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A Teachers Guide to the Signet Classic Edition of James Joyces Dubliners


INTRODUCTION Dubliners by James Joyce is a good reading choice for advanced level 12th-grade students. As his first published work of fiction, Dubliners stands by itself both as an important piece of writing and as a forerunner of the experimental style that Joyce would use so effectively in his later works. The fact that in Dubliners Joyce uses a more traditionally structured style makes the novel more accessible than his other works to advanced high school readers. The central theme of paralysis due to the effects of outside forces and individual moral decay will be attractive to older adolescents who are struggling to find their places in a world where they are continually buffeted by outside forces and their own uncertainties. Students who not long ago were playing childhood games and undergoing childhood crushes will identify easily with the characters in the three stories in section one. In section two, these students, who are on the verge of graduating from high school and experiencing the changes coming from this momentous event, will be able to connect strongly with the fear of change faced by Eveline (Eveline) while embracing the excitement of dreams for the future held by Jimmy (After the Race). The future is very important to adolescents, and Joyces glimpses of life in the third section will sound a warning that decisions made early in life carry far-reaching consequences. Students searching for their place in the world relentlessly question the spoken and unspoken rules governing our existence. They will be able to relate to the characters in section four who are bound by conventions and norms of which they are barely aware. Students will enjoy joining Joyces unwavering examination of the most powerful institutions in his and our lives. In addition to the personal connections students will be able to make with Joyces stories, the book also lends itself to a historical study of Irish history, politics, and religion. Dubliners can be studied in an interdisciplinary unit in English and world history. By studying Joyces world, students can better understand many of the forces that have shaped their own. The organization of this teachers guide begins with teaching ideas to use before reading starts. From there, the teaching ideas follow the structure that Joyce gave the book in a letter to his publisher: Section I, Childhood, contains The Sisters, An Encounter, and Araby (the most anthologized of the stories). Section II, Adolescence, is made up of Eveline, After the Race, Two Gallants, and The Boarding House. Section III, Maturity, also is made up of four stories, A Little Cloud, Counterparts, Clay, and A Painful Case. Section IV, Public Life, is made up of Ivy Day in the Committee Room, A Mother, Grace, and the structurally different The Dead.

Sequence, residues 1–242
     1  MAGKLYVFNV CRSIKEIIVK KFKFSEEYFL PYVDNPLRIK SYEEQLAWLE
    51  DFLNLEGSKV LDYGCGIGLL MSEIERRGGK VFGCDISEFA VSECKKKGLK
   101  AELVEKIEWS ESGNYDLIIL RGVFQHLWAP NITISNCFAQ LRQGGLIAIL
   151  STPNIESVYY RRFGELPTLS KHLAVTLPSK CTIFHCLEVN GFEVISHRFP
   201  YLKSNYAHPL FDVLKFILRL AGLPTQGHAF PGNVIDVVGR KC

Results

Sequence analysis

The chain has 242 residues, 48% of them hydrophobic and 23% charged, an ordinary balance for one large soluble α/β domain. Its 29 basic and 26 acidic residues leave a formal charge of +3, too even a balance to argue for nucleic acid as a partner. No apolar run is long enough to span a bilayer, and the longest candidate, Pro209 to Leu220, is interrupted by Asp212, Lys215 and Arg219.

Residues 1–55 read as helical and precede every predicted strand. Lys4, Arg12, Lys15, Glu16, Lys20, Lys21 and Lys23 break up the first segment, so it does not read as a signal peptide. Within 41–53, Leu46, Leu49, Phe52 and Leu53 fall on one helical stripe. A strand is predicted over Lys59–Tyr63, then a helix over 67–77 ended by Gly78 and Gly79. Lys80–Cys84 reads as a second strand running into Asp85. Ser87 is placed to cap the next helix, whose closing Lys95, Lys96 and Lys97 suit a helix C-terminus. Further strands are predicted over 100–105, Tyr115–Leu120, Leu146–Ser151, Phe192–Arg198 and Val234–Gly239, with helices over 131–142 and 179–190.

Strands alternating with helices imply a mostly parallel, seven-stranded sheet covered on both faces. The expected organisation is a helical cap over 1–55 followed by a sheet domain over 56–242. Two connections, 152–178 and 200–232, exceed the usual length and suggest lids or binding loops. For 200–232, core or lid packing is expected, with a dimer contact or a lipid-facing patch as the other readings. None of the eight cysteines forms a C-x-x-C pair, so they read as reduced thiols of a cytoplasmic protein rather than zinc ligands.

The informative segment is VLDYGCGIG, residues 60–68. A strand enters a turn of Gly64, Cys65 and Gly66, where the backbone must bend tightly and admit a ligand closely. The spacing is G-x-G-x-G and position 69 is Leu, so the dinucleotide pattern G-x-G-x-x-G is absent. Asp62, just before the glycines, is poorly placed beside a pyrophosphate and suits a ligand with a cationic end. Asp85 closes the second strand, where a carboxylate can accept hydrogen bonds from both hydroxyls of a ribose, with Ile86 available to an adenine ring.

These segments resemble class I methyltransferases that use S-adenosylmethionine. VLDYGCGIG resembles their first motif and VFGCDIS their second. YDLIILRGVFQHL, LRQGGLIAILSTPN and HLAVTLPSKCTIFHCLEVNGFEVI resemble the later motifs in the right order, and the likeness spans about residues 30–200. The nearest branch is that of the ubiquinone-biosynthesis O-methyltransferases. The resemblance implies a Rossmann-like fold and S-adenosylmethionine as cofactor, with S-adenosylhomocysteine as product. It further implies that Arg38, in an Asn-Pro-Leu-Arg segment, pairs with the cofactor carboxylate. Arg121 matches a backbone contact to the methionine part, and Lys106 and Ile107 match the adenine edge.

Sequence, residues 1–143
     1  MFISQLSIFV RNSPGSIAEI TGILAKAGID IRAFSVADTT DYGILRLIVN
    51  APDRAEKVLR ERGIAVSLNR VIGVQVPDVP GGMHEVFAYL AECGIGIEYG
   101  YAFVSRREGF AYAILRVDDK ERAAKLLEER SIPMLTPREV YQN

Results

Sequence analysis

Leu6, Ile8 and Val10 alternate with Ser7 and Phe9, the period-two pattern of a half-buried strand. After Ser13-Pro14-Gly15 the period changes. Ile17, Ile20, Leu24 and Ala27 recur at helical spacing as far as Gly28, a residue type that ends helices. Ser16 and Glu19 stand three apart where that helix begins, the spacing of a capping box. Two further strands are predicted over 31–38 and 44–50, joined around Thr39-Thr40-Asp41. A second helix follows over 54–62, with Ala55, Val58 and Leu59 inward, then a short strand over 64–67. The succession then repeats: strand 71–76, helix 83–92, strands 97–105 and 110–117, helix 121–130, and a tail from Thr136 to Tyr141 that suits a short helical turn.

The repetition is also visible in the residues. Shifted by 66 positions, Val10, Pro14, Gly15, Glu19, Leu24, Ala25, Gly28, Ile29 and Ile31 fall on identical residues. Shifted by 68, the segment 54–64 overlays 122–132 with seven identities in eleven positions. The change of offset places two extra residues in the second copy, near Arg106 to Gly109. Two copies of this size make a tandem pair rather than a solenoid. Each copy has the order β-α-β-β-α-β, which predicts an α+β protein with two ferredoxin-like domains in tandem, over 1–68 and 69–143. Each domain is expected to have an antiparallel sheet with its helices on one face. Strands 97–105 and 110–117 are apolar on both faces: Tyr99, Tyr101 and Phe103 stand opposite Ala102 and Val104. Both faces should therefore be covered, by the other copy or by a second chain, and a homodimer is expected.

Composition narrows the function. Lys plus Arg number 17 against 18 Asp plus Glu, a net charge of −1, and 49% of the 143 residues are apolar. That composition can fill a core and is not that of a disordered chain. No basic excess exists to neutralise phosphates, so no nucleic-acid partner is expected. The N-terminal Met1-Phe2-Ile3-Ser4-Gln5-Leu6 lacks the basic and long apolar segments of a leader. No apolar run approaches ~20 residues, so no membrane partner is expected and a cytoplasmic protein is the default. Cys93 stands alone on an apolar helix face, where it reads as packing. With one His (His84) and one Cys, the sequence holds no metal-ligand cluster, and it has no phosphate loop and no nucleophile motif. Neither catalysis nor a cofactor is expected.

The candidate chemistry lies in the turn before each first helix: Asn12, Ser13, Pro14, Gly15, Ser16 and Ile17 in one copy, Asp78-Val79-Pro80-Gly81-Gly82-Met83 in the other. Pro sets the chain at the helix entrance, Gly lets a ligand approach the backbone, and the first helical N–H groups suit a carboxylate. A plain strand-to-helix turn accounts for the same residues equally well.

Each of these sections contains a synopsis and activities for before, while, and after reading. The activities help elucidate the stories and tie them together. Also, there are suggestions for other works to consider. The teaching ideas are designed to involve students with Joyces central themes, characters, and styles while connecting all of them to students lives. INVESTIGATING THE IMPORTANCE OF JOYCES WRITING The originality of Joyces style and the influence he had on other writers make him one of the most important writers of the twentieth century. His importance is evident in the considerable amount of scholarly interest in his work. The problem in exploring the literary criticism is not in finding resources but rather in narrowing a focus to just a few works. Feshbach and Herman identify the following as some of the higher quality Joycean scholarship: Primary BibliographySlocum and Cahoons A Bibliography of James Joyce, 1882-1941. Secondary BibliographyDemings A Bibliography of James Joyce Studies. BiographiesEllmanns James Joyce and Stanislaus Joyces My Brothers Keeper and The Complete Dublin Diary. General StudiesLevins James Joyce: A Critical Introduction, Tindalls A Readers Guide to James Joyce, and Kenners Dublins Joyce.

BEFORE READING Because so much of the book consists of snapshots of Dublin life in Joyces time (1882-1941), it is important to help students understand its historical context. To make reading more fruitful, have students use the Introduction and Bibliography in the Signet Classic edition as a starting point for completing these assignments:

A Teachers Guide to the Signet Classic Edition of James Joyces Dubliners